Pets & Animals

This puppy mill just got busted — and 117 animals now have hope

The windowless metal building was filled with small wire cages containing filthy dogs, there to be bred and sold. Investigators didn't even have to get inside before the overwhelming smell of urine and feces made them gag.

There were Shih Tzus, Pomeranians, Yorkies, Maltipoos and other designer breeds there to be bred and sold. Puppies were going for $700-$1,200 each, with smaller dogs fetching the higher prices.

SPCA of Texas
On Sept. 25, 117 animals were taken from a suspected puppy mill in North Texas.

Ninety-three adult dogs, 22 puppies and two cats were rescued from this suspected puppy mill in north Texas at the end of September. The bust was a joint effort by the Society for the Prevention of Cruelty to Animals of Texas and the Hunt County Sheriff's Office.

On Monday, the animals' owner surrendered legal custody to the SPCA of Texas — they are finally receiving medical care and affection at the organization's facility in Dallas.

SPCA of Texas

"We are starting to get to know their personalities. Some are more outgoing, others are still shy and warming up to people," spokesperson Victoria Albrecht told TODAY in an email.

SPCA of Texas
A moment of kindness for one of the 117 animals rescued from a suspected Texas mill

The term "puppy mill" generally refers to a large-scale commercial dog-breeding operation. The American Society for the Prevention of Cruelty to Animals estimates there are 10,000 puppy mills in the United States, producing what's thought to be about 2 million puppies every year.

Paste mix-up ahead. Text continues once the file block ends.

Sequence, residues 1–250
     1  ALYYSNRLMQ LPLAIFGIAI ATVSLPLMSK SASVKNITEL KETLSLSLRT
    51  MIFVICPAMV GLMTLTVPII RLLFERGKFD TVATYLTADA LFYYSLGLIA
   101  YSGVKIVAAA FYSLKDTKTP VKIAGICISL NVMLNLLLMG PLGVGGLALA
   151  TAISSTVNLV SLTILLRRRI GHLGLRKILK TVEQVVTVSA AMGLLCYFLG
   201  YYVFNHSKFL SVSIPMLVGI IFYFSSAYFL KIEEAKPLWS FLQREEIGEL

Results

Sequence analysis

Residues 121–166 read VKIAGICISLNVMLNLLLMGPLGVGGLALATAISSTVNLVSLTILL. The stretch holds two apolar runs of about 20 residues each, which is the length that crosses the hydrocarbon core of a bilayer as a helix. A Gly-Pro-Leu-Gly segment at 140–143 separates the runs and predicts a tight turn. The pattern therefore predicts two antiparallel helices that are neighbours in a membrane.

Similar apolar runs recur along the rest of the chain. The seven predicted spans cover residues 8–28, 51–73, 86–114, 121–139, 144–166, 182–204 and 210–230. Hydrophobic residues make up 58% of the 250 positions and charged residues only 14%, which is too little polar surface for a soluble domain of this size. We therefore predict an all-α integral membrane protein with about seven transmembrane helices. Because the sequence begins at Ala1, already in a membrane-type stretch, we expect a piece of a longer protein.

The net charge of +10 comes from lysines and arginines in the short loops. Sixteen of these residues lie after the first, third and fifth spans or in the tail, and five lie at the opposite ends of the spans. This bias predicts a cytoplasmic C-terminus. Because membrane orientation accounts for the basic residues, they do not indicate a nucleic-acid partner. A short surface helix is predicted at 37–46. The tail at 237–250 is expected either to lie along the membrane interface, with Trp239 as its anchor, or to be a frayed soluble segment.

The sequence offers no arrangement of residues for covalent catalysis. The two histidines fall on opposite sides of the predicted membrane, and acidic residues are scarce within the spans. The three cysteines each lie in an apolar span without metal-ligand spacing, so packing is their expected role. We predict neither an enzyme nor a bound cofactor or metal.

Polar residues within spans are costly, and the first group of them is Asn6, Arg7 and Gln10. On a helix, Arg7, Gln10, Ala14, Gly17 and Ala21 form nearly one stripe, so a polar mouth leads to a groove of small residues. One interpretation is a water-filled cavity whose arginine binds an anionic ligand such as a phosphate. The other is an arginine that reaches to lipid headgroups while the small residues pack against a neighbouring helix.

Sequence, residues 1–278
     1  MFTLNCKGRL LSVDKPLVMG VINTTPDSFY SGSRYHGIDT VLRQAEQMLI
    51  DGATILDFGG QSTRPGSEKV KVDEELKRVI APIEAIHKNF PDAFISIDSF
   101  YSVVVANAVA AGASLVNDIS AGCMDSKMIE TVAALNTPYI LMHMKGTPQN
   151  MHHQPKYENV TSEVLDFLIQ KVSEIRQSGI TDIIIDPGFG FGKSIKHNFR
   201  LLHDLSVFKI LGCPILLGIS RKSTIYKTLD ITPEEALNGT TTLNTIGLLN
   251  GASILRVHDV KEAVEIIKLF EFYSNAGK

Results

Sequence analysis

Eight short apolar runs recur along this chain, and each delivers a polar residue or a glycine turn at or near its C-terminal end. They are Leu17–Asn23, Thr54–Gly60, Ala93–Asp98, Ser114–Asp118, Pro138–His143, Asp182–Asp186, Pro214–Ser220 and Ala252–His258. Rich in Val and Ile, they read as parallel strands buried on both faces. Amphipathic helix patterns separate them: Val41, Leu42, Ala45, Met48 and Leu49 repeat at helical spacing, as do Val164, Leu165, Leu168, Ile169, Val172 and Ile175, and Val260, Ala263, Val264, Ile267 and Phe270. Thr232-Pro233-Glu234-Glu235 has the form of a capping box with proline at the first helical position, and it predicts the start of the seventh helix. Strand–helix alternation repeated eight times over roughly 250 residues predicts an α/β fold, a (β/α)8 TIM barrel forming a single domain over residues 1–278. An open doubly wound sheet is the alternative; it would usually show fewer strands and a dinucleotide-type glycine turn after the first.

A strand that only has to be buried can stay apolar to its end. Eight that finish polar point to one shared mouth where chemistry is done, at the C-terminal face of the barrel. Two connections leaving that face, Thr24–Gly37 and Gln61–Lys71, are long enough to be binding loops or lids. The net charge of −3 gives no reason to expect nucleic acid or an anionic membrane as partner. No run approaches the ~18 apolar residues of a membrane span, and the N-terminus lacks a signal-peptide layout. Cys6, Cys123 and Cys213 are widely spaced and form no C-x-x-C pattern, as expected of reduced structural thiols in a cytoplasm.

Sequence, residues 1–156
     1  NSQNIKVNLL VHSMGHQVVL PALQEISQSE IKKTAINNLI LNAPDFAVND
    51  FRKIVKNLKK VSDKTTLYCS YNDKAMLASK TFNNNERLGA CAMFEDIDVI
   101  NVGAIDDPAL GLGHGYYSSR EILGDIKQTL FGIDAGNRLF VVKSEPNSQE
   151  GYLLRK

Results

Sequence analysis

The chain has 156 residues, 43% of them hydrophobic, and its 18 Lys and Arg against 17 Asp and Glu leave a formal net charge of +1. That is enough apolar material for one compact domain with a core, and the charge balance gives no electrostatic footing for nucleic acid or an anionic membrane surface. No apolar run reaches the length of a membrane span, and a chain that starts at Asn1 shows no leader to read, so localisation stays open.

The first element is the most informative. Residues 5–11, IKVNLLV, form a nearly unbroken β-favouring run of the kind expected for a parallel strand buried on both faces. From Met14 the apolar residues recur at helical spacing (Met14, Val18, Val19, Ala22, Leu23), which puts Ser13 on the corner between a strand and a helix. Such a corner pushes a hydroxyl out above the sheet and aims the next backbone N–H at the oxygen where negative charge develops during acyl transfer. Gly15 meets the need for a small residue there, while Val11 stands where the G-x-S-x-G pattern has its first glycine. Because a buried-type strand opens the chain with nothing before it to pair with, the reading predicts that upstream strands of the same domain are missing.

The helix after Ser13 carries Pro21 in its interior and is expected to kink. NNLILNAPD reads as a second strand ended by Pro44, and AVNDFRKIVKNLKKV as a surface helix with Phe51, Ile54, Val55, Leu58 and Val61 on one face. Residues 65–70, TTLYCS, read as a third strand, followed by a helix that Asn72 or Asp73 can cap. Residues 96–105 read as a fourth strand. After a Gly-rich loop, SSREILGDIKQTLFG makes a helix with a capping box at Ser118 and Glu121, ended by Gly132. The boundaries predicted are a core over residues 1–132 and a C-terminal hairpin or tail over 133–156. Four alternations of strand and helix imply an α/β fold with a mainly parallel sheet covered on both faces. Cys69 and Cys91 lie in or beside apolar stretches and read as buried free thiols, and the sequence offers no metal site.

SPCA of Texas
This is the windowless metal building where these dogs lived in stacked cages until their rescue.

The federal and state laws regulating commercial pet breeders are often criticized by advocates for being too weak: insufficient to protect the animals' welfare, and also poorly enforced. (Read TODAY's previous puppy mill coverage.)

SPCA of Texas
Inside the cramped quarters of the windowless building
SPCA of Texas
Puppies were being sold for $700-$1,200 each.

Here are some red flags to look out for that may indicate a breeder is operating a puppy mill.

  • He or she won't let you see where the dogs live.
  • Prospective buyers aren't allowed to meet a puppy's mother.
  • The animal is sold online. As the ASPCA puts it: "Responsible breeders would never sell to someone they haven't met because they want to screen potential buyers to ensure the puppies are going to good homes."
  • You're shopping at a flea market, or at a pet store that is still selling commercially bred animals and hasn't switched over to working with shelters and rescue groups.

SPCA of Texas
The days of being kept in small cages for breeding are over for these dogs.

"Puppy mill owners are deceptive. They pose as caring breeders with just a few puppies to sell," said Albrecht. "The best way to add a four-legged friend to your family is to adopt from a shelter or a rescue group."

SPCA of Texas
One of the dogs rescued from the Texas puppy mill gets some love at the SPCA of Texas.

Indeed, if all goes well that'll soon be an option with this bunch.

These dogs came to the SPCA of Texas covered in matted fur and urine. They have problems with their skin, ears, eyes, nails and teeth after being subjected to cruel treatment. "Our medical staff is caring for the animals and attending to their needs," said Albrecht.

SPCA of Texas
The dogs and cats are being evaluated individually for their health and behavior, and will go up for adoption when they are ready.

As they get well, and after they are spayed and neutered, the rescued dogs and cats will go up for adoption. (Stay tuned on the SPCA of Texas Facebook page.)

It'll be high time for them to enjoy the next great stage of their lives as thoroughly spoiled pets rather than commodities.

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